While the screw and barrel industry survived a brutal 2009, Xaloy Inc. had something to celebrate its 80th anniversary.
The landmark year got an exclamation point in September, when Xaloy, based in New Castle, Pa., bought its rival in Youngstown, Ohio: Spirex Corp. Xaloy already was the largest maker of screws and barrels, after buying New Castle Industries Inc. in 2003. The Spirex deal made it even bigger.
In 2006, Xaloy expanded into gear pumps, screen changers, cleaning ovens and water-ring pelletizers when it bought the extrusion business of Dynicso LLC.
That diversity came in handy during the recession, officials said. By offering a broad range of products, it helped us during the period of distress in our industry, said President and CEO Ron Auletta.
Xaloy also invested several million dollars into its New Castle plant last year. The company consolidated its chill-roll business into the headquarters operation, moving FR Gross out of its plant in Stow, Ohio, and Keystone Rolls from its plant in Wheatland, Pa. Xaloy completed the moves by mid-2009 and has closed Stow and Wheatland, Auletta said.
Xaloy moved more than 25 machine tools to New Castle for the chill-roll manufacturing.
We've made significant capital investments in this business here to accommodate our roll production, Auletta said. You can start with a clean sheet of paper, which has made us a lot more productive.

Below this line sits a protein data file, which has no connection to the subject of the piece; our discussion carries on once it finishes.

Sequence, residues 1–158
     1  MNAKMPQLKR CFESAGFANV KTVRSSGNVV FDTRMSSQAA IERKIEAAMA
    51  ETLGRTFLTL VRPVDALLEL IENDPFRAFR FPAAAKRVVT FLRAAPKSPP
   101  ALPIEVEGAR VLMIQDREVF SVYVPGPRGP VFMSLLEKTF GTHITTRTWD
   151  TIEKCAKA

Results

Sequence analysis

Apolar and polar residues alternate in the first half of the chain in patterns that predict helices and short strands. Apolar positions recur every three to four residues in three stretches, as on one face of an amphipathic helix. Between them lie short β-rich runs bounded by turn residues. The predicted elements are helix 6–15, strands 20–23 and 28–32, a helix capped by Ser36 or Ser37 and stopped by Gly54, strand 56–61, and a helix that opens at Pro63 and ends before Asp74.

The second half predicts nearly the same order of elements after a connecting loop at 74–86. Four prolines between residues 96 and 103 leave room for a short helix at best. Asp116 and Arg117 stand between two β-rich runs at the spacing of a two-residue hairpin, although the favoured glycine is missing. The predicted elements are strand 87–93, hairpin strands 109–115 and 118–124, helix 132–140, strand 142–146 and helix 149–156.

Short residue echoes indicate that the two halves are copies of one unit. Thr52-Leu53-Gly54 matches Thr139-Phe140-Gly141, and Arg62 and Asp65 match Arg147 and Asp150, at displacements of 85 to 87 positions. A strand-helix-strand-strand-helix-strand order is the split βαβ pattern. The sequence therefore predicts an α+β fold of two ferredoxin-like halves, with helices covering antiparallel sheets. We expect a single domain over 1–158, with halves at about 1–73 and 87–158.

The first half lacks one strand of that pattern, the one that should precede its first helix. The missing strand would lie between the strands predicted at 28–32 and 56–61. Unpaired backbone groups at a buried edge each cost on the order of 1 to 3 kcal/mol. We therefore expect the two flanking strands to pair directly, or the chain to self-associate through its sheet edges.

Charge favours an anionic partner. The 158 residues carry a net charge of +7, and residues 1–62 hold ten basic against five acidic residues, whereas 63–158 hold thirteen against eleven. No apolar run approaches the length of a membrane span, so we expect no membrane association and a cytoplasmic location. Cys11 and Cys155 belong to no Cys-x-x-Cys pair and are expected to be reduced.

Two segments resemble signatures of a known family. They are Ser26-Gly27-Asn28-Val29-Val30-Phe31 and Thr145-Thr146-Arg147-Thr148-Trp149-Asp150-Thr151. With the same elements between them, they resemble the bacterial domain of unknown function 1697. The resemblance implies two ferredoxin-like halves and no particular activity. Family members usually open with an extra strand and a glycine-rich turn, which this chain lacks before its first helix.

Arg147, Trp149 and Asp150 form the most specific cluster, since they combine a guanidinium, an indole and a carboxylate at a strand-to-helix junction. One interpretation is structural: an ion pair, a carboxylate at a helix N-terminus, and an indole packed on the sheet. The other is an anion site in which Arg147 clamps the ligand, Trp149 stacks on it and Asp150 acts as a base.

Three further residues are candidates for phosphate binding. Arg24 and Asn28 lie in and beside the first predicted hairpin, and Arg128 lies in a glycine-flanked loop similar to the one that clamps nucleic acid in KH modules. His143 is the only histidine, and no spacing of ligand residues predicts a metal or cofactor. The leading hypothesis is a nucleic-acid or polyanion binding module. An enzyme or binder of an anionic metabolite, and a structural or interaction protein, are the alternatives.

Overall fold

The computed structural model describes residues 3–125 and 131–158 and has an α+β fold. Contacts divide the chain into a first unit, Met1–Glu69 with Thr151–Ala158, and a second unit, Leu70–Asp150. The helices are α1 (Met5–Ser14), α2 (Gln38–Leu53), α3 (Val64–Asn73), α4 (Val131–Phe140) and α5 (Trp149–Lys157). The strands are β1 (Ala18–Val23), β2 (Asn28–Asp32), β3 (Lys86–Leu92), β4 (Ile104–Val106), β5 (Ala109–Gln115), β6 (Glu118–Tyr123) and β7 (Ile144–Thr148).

In other news from the 80th anniversary year, Xaloy formed a customer care team, bringing together sales, technical support and engineering to help customers improve cycle times, do changeovers and make other improvements.
You can learn a lot from the company's unusual name. Industrial Research Laboratories was born in California in 1929 as a contract research group. Soon, the firm developed an iron-boron alloy that was hard and resisted wear, later trademarked as Xaloy.
That was the beginning of major developments in metallurgy.
In 1934, the firm pioneered the process of lining steel cylinders with wear-resistant alloys by the centrifugal casting process. This led to the first bimetallic barrel for plastics machinery, installed in 1938 on an extruder built by John Royle Co.
Xaloy moved production from California to the eastern United States in the early 1960s, to be closer to customers. A series of innovations followed. The Xaloy 306 barrel with a nickel cobalt alloy delivered more corrosion resistance than the iron-boron alloy. Xaloy also came out with other alloys, such as the first barrel alloy containing tungsten carbide.
As the reciprocating screw swept aside plunger machines, Xaloy introduced the first pressure-resistant injection molding barrel in the mid-1960s.
Xaloy expanded into screws in 1987 by acquiring Flametech Corp.
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